Labor Union Lobbies For Reparations For African Americans, Creates An App Towards That Goal
By Victor Ochieng
The June 17, 2015 killing of nine people inside a Charleston, South Carolina church came as a sad occurrence for peace loving Americans. A gunman went into Emanuel African Methodist Episcopal Church and opened fire on parishioners who were at the church for an evening Bible study.
That unfortunate incident pushed the national African American Reparations Commission, also known as the Reparations Labor Union, to write a letter to President Barack Obama, demanding that he gives an executive order for the reparation to African Americans.
In their letter, they highlighted a few heart-wrecking incidents in which Black people have died at the hands of police officers, including the saddening events of Ferguson, Baltimore and Charleston. The letter noted that such incidents have “revealed that white supremacy, in all of its individual, institutional and structural manifestations, is a deadly disease that remains deeply [e]mbedded in the American psyche and the social, economic and political fabric of this society.
They, therefore, asked “Mr. President, in the name of the esteemed Dr. John Hope Franklin, whose father Buck Franklin defended Black survivors of the horrific 1921 Tulsa race riots that destroyed ‘Black Wall Street,’ and who himself was the victim of racial insults and discrimination on numerous occasions, and in honor of Dr. Franklin’s 100th birthday, we call upon you to have the vision to create a Commission on Reparatory Justice in his name.”
The organization proceeded to create an online petition to demand for the president’s action. The petition was posted on White House’s “We the People” website on September 9, 2016.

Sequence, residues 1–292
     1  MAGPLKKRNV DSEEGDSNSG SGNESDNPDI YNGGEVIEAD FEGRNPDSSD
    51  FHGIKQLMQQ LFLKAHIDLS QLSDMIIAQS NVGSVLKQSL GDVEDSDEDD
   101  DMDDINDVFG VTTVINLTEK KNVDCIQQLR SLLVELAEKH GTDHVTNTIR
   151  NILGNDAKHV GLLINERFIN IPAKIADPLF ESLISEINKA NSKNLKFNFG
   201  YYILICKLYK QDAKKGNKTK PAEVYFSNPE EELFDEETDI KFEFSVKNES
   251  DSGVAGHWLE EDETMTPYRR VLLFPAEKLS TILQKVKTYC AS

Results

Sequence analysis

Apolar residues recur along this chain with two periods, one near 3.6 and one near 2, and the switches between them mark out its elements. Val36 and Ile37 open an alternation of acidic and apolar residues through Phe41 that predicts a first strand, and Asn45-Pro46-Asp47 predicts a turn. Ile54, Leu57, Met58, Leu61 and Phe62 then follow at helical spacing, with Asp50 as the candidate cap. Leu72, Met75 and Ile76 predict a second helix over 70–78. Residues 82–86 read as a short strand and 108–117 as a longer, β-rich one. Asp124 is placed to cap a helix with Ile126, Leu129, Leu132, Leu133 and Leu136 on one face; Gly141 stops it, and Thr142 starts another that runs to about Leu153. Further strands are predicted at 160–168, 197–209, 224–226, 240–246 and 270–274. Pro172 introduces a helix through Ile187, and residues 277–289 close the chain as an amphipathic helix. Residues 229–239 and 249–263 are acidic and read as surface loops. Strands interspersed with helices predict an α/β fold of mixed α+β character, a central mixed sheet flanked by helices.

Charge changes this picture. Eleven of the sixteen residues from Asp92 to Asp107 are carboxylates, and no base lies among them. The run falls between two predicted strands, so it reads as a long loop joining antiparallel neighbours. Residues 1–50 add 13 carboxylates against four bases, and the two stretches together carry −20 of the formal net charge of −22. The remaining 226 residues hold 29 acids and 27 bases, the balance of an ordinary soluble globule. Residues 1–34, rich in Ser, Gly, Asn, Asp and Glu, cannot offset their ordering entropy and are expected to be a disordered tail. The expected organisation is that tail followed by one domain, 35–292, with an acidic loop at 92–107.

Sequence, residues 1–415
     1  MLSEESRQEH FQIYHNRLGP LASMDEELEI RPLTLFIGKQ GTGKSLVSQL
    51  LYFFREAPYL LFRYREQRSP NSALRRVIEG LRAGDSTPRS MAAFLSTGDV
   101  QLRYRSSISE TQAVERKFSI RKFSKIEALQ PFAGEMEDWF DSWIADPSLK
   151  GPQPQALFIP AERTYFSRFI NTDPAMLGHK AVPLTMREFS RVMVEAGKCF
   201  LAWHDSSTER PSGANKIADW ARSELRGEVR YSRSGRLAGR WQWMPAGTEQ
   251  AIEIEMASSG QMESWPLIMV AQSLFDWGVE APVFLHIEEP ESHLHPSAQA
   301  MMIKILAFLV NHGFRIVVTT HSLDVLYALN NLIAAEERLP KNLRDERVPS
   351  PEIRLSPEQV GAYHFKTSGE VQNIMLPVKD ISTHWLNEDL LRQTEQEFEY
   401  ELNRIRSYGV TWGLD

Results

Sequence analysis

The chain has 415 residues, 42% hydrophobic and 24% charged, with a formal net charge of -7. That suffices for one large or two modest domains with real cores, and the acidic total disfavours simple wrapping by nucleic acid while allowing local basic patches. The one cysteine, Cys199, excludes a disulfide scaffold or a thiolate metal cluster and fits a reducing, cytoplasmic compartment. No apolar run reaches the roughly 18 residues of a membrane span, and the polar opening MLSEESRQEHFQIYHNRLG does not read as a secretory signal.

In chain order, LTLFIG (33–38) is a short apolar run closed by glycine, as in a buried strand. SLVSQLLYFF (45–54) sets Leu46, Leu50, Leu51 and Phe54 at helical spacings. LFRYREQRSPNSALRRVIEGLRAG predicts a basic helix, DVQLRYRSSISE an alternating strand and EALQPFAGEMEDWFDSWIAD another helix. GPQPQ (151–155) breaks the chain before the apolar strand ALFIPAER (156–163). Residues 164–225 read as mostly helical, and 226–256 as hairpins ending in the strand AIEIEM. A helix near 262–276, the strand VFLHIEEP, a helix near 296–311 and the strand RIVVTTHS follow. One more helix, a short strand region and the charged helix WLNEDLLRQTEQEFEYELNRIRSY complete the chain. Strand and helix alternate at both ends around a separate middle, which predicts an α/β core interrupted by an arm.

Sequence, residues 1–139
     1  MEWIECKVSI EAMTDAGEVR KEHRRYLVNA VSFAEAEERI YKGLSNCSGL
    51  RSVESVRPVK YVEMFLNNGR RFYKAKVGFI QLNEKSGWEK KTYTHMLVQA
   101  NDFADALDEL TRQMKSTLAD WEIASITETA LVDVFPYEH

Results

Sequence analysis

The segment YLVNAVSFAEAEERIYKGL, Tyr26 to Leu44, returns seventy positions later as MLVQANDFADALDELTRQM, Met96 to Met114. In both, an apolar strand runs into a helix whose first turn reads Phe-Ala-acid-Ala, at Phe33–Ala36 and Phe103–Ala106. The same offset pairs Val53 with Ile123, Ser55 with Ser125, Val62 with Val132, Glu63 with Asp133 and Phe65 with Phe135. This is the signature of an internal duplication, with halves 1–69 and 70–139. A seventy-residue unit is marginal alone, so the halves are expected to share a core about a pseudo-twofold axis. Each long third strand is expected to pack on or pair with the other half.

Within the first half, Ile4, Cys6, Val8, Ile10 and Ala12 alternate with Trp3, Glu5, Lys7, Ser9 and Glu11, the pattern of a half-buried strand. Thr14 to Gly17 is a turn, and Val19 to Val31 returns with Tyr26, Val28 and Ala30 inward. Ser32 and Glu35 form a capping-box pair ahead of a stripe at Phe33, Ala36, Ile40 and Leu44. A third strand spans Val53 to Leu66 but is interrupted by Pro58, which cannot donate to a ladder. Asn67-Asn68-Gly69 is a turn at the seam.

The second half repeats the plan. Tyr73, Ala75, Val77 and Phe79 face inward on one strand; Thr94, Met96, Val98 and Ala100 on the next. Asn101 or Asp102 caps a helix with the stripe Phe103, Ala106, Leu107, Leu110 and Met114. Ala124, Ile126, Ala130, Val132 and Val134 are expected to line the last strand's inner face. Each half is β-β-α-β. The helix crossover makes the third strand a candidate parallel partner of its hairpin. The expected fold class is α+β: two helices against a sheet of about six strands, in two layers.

In the petition, the organization is asking the president to ratify Detroit Congressman John Conyers’ H.R.40 reparations legislation. The group is proposing that reparations money be raised through a National Jubilee Lottery or sweepstakes, in which winners are paid normally, while ticket sales are used for the reparations process.
So far, only 294 people have signed the petition ahead of the October 1, 2016 deadline, the date by which the petition is required to garner at least 100,000 signatures if the president is to give it attention.
To have as many people as possible to append their signatures on the petition, the Reparations Labor Union has created a simple app that makes it easier for mobile device users to support the campaign. The app is available for both iOS and Android platforms and can be downloaded from iTunes and Google Play. Supporters can also sign the petition on the Reparations Labor Union website.
In a recently released statement, the Reparations Labor Union president Anita Belle said: “We see reparations as a means of repairing race relations in America. White police officers killing unarmed blacks, is a headline that occurs too frequently, as if a race war is being waged against African Americans. If we truly want peace and truth and reconciliation in America, then reparations must be paid. It isn’t a handout. It’s a debt owed.”